DualShockers Game of the Year 2018 Staff Lists — Tomas' Top 10
Following a stellar year for gaming, DualShockers' News Editor Tomas Franzese ranks his 10 favorite games from 2018.
I consider 2018 to be one of the best years for gaming in recent memory, even when compared to the lofty heights of 2017. No matter what genre you are a fan of, there was likely a great game for you to enjoy. I played a ton of games this year, both for review and for leisure, and the following 10 are the titles that stood out to me the most as favorites.
Keep in mind that I didn’t play every game that came out this year, so you won’t see titles like Octopath Traveler or Monster Hunter: World on my list. There were also a lot of great games that I would still recommend but didn’t make the list, including Sushi Striker: The Way of Sushido, SoulCalibur VI, Dragon Quest XI, and Mutant Year Zero: Road to Eden.
On that note, here are the 10 games I consider to be the best that 2018 had to offer:
10. Dragon Ball FighterZ
A Yamcha-only tournament mode exists…10/10.
2018 started very strong with a weekend that was home to two games present on this list, as well as Monster Hunter: World. One of the games to release on this weekend was Dragon Ball FighterZ, a 2D fighter from Arc System Works. While I’m not the biggest Dragon Ball fan, I couldn’t help but to be in awe of this game’s utterly gorgeous visuals that really make it feel like the anime has been brought to life and is playable in your hands.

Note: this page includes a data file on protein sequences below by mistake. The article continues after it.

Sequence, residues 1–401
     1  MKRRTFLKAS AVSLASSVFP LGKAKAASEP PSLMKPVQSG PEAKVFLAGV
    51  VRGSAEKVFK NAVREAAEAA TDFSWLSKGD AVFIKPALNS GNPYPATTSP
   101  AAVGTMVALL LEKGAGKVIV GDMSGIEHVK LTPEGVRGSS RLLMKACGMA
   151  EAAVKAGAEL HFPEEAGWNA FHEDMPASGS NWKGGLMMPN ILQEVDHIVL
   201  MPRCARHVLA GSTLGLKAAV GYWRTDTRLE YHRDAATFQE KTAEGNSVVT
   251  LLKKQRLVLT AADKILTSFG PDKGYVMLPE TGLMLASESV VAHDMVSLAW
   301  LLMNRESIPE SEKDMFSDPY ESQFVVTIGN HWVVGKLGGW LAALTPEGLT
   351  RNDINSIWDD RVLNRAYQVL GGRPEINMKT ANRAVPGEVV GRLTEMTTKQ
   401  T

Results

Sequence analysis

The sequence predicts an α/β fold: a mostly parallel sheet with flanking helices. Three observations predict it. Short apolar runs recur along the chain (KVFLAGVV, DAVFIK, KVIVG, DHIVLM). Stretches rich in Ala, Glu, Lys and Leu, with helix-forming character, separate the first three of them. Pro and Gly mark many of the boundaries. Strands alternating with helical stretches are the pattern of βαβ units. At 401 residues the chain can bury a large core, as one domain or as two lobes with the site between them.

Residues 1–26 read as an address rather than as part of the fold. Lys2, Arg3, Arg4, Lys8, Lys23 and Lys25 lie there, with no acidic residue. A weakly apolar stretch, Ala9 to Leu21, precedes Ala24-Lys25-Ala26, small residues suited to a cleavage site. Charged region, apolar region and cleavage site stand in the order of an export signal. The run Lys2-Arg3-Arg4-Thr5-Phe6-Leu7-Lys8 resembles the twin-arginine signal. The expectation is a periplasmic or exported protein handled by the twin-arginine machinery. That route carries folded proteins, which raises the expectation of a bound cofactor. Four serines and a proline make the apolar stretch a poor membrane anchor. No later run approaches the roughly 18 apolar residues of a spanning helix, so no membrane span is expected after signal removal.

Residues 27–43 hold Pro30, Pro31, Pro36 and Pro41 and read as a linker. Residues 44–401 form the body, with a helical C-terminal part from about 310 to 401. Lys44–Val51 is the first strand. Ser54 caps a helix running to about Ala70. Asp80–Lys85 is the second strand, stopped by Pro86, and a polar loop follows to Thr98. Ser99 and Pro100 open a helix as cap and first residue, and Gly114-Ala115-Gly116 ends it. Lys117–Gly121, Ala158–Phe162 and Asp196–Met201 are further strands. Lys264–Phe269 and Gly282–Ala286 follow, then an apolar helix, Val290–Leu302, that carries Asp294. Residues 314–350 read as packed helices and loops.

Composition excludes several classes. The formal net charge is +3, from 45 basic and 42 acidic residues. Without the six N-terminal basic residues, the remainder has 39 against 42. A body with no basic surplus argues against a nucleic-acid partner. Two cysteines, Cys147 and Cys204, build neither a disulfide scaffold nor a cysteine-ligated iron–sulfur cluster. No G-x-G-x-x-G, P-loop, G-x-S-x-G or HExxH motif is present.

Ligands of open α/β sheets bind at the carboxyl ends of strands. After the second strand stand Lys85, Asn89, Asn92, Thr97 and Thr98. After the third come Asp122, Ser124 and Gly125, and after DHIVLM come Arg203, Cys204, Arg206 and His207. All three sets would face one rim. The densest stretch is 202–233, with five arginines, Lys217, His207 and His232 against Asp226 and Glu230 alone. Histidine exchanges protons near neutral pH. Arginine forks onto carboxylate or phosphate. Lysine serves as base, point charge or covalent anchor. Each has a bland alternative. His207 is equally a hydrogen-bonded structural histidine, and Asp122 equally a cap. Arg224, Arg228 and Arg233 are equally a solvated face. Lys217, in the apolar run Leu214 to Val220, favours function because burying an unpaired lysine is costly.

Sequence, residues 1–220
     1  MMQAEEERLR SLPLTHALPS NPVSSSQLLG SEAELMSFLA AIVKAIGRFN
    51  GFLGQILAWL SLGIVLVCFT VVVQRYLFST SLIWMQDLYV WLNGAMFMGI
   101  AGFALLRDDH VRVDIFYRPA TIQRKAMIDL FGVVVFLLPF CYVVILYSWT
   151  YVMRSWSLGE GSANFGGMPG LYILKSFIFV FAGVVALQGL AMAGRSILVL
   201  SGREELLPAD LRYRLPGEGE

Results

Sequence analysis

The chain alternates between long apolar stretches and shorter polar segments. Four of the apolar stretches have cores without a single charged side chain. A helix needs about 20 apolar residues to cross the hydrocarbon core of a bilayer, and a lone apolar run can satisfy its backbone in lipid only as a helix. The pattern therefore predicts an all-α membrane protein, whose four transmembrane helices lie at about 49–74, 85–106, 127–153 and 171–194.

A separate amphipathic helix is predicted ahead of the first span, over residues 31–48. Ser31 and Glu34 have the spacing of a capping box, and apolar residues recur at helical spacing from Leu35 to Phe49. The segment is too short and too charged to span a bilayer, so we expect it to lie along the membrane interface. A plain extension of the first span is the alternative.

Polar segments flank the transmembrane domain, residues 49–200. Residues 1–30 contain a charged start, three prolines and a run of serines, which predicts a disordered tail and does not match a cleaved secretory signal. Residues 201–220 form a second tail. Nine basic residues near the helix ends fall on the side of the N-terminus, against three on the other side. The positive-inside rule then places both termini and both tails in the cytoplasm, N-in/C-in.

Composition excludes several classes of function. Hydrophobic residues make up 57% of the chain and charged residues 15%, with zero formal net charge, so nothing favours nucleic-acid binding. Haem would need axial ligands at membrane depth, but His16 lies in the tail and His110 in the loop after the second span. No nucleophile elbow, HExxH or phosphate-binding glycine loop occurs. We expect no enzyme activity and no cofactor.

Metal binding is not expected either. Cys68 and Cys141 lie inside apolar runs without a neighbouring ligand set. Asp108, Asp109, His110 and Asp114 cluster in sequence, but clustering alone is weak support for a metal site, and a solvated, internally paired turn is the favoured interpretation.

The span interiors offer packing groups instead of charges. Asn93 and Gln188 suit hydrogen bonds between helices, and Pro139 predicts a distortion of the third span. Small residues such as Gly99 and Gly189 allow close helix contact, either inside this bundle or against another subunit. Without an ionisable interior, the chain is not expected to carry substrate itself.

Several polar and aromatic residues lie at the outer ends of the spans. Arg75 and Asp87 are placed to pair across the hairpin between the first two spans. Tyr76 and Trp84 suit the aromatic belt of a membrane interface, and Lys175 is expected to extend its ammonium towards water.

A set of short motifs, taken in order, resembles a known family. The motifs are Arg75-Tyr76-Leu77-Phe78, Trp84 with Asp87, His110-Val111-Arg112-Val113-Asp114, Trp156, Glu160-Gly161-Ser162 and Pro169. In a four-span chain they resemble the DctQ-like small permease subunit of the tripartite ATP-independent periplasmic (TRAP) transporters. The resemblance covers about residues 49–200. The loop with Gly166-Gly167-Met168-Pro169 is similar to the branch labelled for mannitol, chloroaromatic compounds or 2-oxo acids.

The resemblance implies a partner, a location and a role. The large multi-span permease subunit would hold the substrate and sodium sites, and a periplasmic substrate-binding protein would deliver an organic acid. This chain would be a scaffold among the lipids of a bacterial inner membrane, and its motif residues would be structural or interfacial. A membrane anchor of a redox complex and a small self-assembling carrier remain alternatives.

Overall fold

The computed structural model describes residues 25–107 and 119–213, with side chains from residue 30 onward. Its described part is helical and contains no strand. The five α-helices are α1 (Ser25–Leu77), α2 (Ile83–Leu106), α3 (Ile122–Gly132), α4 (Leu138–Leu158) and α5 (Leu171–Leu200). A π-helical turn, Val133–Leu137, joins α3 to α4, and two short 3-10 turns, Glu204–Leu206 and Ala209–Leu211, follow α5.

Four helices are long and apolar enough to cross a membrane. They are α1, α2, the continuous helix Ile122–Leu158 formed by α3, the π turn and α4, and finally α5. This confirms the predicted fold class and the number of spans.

From a gameplay standpoint, Dragon Ball FighterZ is still just as strong, being accessible to newcomers while still having the depth to satiate the hardcore community. After the disappointment that was Marvel vs. Capcom: Infinite, it was nice to kick off this year with a fast paced 3v3 fan-service-y fighter, albeit one from a different franchise. I’ve returned to it time and time again during 2018, and the fact that it still sticks out in my mind so vividly long after release really solidifies it as one of the best titles of 2018.
9. Sonic Mania Plus
Ray the Flying Squirrel, my son. We are united once more…
Is it unfair that Sonic Mania has made my GOTY list two years in a row? Maybe, but that’s just a testament to how great the game is. I’m sure everyone and their mother has told you how this game, made by fans-turned-developers, brought the series back into a positive light for the first time in years upon its release due to its great visuals, music, and level design. Leaving it there would’ve been fine, but the developers knew the Sonic fanbase needed to wash Sonic Forces out of their minds and released some hefty DLC alongside a physical release.
Sonic Mania Plus added several quality of life improvements, slightly redesigned levels, and most importantly new playable characters with two of the series’ most notorious MIA characters: Mighty the Armadillo and Ray the Flying Squirrel. Both of them add unique spins to the gameplay with their abilities. That, coupled with the redesigned Encore Mode, adds more content for die-hard fans to sink their teeth while also cementing Sonic Mania Plus as the best Sonic the Hedgehog game to date, in my eyes.
8. Super Smash Bros. Ultimate
Remember Geno? I sure do.
Despite what I may have said just above, I’m still in awe of Super Smash Bros. Ultimate‘s roster. If you had told me that Ridley, King K. Rool, and Pichu all would’ve been playable in a new Super Smash Bros. with characters like Piranha Plant and Joker from Persona 5 on the way, I wouldn’t have believed you, but here we are. I’ve always loved the Super Smash Bros. series, and Super Smash Bros. Ultimate delivers pretty much everything that fans would want and then some.
I’ll admit that the reason Super Smash Bros. Ultimate isn’t higher on this list because I’ve spent comparatively spent less time with it than the other entries. That being said, I’m sure I’ll only fall in love with this title even more once I beat World of Light and unlock the last couple elusive characters. Now just add Geno, Sakurai, and we’ll talk about Super Smash Bros. Ultimate making it onto my 2019 GOTY list as well.
7. WarioWare Gold
The whole game is set-up for a poop joke…really!